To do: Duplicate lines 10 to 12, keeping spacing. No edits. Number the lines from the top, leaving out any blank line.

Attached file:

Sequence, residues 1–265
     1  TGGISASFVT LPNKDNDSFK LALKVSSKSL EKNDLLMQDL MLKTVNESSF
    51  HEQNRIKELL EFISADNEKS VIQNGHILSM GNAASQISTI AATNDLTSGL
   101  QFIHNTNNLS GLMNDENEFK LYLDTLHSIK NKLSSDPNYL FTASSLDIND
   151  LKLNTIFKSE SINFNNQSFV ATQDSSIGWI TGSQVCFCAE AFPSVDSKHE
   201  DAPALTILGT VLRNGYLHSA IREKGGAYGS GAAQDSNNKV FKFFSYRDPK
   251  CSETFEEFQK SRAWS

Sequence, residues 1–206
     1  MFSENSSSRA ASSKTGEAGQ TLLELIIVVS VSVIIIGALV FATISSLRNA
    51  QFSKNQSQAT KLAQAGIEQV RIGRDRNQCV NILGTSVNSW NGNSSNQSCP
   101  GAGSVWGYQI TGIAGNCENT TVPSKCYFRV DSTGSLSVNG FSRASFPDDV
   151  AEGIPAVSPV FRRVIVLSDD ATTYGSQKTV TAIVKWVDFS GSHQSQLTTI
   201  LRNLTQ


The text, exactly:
    51  QFSKNQSQAT KLAQAGIEQV RIGRDRNQCV NILGTSVNSW NGNSSNQSCP
   101  GAGSVWGYQI TGIAGNCENT TVPSKCYFRV DSTGSLSVNG FSRASFPDDV
   151  AEGIPAVSPV FRRVIVLSDD ATTYGSQKTV TAIVKWVDFS GSHQSQLTTI